Barclays Bank has launched an investigation following a reported security breach involving thousands of confidential customer files.
The Mail on Sunday took delivery of a memory stick containing personal details of 2,000 Barclays customers from a whistleblower. The files reportedly contained passport and national insurance details, as well as financial data, health and insurance information.
The whistleblower alleges that the information was sold to "rogue City traders" and served as a target list for boiler room-style high pressure investment sales operations.
Those listed apparently completed psychometric tests to determine their attitude to risk and this formed a key component of the leaked information.
The leaked information allegedly represents a sample of a dossier containing a total of 27,000 records. Whether or not there is more information beyond the 2,000 leaked files remains unconfirmed.
Each individual dossier is 20 pages long and said to be worth £50 on the black market. Reporters at the Mail on Sunday contacted victims of the breach, whose angry reaction features prominently in the paper's story.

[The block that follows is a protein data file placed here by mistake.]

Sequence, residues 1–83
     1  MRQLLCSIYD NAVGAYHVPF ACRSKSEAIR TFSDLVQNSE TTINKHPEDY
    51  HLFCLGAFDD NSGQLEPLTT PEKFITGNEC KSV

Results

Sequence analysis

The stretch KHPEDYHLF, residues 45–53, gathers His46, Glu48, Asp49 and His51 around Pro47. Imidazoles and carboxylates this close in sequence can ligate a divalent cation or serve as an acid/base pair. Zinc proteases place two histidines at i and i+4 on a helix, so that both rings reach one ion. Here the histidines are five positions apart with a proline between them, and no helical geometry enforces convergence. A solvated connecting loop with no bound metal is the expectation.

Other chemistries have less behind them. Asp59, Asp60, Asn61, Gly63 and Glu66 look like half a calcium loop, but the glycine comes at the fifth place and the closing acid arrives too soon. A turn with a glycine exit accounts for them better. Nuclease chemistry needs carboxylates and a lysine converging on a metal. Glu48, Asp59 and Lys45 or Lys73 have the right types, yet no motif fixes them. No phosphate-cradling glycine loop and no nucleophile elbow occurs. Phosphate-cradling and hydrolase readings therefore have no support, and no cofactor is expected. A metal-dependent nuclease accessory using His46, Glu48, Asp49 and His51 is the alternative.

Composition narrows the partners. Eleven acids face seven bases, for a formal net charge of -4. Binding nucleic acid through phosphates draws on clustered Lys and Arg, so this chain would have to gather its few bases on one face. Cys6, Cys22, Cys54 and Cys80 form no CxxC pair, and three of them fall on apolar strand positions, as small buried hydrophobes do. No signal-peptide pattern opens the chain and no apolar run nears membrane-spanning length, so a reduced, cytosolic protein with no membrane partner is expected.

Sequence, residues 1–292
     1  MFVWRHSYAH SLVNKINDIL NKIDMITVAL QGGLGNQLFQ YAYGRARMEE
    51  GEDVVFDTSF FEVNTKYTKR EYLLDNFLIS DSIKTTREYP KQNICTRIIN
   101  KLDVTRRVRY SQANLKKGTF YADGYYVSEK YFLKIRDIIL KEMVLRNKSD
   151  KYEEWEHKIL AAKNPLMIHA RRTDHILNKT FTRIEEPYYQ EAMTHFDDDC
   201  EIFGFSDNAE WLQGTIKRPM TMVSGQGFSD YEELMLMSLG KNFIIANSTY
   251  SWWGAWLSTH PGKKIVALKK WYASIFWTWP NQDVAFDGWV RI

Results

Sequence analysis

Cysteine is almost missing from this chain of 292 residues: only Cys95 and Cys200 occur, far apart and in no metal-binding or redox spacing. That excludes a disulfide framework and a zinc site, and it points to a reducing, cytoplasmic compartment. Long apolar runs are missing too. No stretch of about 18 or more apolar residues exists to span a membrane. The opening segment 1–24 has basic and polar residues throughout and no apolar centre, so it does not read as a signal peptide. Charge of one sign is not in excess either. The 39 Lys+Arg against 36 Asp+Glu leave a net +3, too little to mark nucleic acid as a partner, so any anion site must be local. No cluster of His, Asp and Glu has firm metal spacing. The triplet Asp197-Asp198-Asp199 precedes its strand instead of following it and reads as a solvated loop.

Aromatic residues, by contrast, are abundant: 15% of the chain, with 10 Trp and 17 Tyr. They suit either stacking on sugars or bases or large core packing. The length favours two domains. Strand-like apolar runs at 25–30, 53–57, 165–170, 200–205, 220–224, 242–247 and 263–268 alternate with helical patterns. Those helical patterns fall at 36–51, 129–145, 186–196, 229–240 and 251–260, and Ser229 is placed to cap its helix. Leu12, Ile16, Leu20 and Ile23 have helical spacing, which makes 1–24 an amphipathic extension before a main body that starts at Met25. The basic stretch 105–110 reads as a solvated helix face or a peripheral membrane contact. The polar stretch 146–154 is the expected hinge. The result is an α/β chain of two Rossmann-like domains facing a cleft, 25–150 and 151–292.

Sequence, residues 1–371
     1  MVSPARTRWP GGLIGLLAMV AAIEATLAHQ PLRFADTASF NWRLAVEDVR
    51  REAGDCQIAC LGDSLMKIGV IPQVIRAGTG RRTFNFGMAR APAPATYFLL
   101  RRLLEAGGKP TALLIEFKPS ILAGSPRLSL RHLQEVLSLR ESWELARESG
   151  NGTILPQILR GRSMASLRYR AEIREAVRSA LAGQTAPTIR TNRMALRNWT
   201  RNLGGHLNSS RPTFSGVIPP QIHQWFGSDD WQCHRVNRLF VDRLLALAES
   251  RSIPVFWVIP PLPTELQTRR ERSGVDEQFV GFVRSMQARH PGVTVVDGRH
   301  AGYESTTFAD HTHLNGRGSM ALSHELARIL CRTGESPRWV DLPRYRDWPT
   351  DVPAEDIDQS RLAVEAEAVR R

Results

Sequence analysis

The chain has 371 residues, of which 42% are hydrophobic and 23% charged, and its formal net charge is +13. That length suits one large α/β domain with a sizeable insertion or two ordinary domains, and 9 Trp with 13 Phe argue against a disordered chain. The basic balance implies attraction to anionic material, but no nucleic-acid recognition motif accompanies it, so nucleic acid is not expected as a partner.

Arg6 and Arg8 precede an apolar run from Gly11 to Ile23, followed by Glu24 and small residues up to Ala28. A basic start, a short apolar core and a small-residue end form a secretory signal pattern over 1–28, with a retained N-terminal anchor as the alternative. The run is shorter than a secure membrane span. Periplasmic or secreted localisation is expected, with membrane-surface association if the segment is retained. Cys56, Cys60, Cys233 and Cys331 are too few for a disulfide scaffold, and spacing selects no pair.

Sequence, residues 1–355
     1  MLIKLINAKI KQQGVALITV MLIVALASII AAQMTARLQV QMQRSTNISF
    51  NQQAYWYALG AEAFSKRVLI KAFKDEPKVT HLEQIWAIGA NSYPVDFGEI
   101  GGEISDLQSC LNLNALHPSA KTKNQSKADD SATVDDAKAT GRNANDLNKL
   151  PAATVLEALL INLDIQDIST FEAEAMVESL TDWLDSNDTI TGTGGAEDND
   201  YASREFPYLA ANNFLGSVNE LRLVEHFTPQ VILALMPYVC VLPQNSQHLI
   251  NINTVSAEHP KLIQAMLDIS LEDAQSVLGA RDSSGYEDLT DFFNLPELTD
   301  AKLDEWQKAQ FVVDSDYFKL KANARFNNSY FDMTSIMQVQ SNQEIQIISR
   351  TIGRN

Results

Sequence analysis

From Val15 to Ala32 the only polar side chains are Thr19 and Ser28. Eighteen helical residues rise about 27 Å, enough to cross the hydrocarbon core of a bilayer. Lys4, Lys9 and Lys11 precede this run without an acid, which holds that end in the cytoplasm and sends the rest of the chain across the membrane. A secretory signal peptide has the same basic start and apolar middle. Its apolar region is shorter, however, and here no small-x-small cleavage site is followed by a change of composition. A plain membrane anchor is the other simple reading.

The data dates from 2008 and is said to have come from clients of Barclays Financial Planning, a financial advice division of the bank which closed in 2011.
A Barclays spokeswoman told El Reg that it had reported the incident to financial regulators at the FCA and data privacy watchdogs at the Information Commissioner's Office (ICO). The matter has also been reported to the police.
Barclays is in the process of checking whether the information contained in the file is genuine before contacting affected customers, as an official statement from the bank explains.
We are grateful to the Mail on Sunday for bringing this to our attention and we contacted the Information Commissioner and other regulators on Friday as soon as we were made aware.
Our initial investigations suggest this is isolated to customers linked to our Barclays Financial Planning business which we ceased operating as a service in 2011. Based on what we have seen, this appears to be data from 2008 or earlier.
We will take all necessary steps to contact and advise those customers as soon as possible so that they can also ensure the safety of their personal data.
Protecting our customers' data is a top priority and we take this issue extremely seriously. This appears to be criminal action and we will co-operate with the authorities on pursuing the perpetrator.
We would like to reassure all of our customers that we have taken every practical measure to ensure that personal and financial details remain as safe and secure as possible.
An ICO spokesperson said:
It's crucial that people's personal information is properly looked after. We'll be working with the Mail on Sunday this week to get further details of what has happened here, as well as working with the police.